My Sister, the Serial Killer is a novel penned by Oyinkan Braithwaite which follows the lives of Korede and her psychopathic sister Alooya, who makes a habit of ‘accidentally’ murdering her boyfriends. Though the central themes of the novel are associated with that of a thriller, this novel uncovers more than at the surface, delving into a beautifully unique exploration of sisterhood and the burden of familial ties.
Braithwaite’s debut novel has received noteworthy critical acclaim, having been long-listed for the Man Booker Prize and shortlisted for the Women’s Prize for Fiction–and it isn’t hard to see why. This novel, taken from an early draft to completion in a mere month, is impressive in a number of ways. Braithwaite’s brilliantly dark sense of humour is only second to the immensely detailed portraits of her characters. The empathy that Braithwaite extends to her protagonist, Korede, is contagious, charming, and captivating throughout. On the other hand, Alooya’s character is the epitome of fun: the kind of character you love to hate. She’s clearly evil, without any remorse for her victims, but Braithwaite reminds us that narcissists can be quite funny too. The ability for Ayoola to proceed to manipulate her way into the perfect situations while Korede struggles to be seen is both frustrating and hilarious. When Korede’s long-term crush, Doctor Tade, sends Ayoola a bouquet of orchids, she responds with disappointment: “I. Really. Prefer. Roses”.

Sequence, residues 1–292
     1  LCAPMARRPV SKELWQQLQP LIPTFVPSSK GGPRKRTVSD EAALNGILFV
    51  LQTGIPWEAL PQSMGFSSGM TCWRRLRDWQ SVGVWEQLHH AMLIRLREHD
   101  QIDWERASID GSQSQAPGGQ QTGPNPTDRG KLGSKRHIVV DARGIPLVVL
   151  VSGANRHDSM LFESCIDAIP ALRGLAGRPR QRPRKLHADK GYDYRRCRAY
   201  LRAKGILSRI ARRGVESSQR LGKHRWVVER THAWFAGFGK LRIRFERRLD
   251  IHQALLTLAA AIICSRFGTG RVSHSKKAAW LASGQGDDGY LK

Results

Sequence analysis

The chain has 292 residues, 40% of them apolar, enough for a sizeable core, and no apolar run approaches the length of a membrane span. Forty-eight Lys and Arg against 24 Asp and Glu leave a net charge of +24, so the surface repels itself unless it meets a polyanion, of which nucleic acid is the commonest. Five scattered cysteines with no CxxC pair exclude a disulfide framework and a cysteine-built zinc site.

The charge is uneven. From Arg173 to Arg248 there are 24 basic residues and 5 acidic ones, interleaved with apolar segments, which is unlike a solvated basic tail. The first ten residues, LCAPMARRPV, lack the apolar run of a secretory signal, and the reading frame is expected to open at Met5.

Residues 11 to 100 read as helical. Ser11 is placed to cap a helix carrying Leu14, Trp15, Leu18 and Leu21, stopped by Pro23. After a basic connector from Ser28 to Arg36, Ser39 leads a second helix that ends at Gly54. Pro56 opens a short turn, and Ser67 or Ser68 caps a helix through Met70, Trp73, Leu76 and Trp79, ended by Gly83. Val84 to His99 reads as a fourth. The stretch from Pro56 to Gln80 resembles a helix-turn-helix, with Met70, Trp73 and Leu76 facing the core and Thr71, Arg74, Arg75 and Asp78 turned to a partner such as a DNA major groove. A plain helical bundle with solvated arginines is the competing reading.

The relationship between the two sisters acts as a one-sided sacrifice in that, in order for one to thrive, the other is forced to wither: Korede in the shadows while Ayoola basks in the light. Whilst covering up her sister’s crimes leaves Korede drained and unable to sleep at night wracked with guilt and shame, Alooya is nonchalant, careless and vain, dancing around her room to Whitney Houston’s ‘I Wanna Dance With Somebody’ in the aftermath of murdering her date, Femi. The parallels run like a thread throughout the novel. When Ayoola is sent an array of gorgeous flowers, Korede retreats to her bedroom which becomes more “devoid of life” than ever.
In an interview since published in The Guardian, Braithwaite sets out her intentions for writing the novel. She told herself: “Forget about the great novel, just write something for yourself that’s fun.” In the process, My Sister, The Serial Killer became a kind of accidental gem. Compelling, fun, and unashamedly unique, this is a book that truly has something for everyone.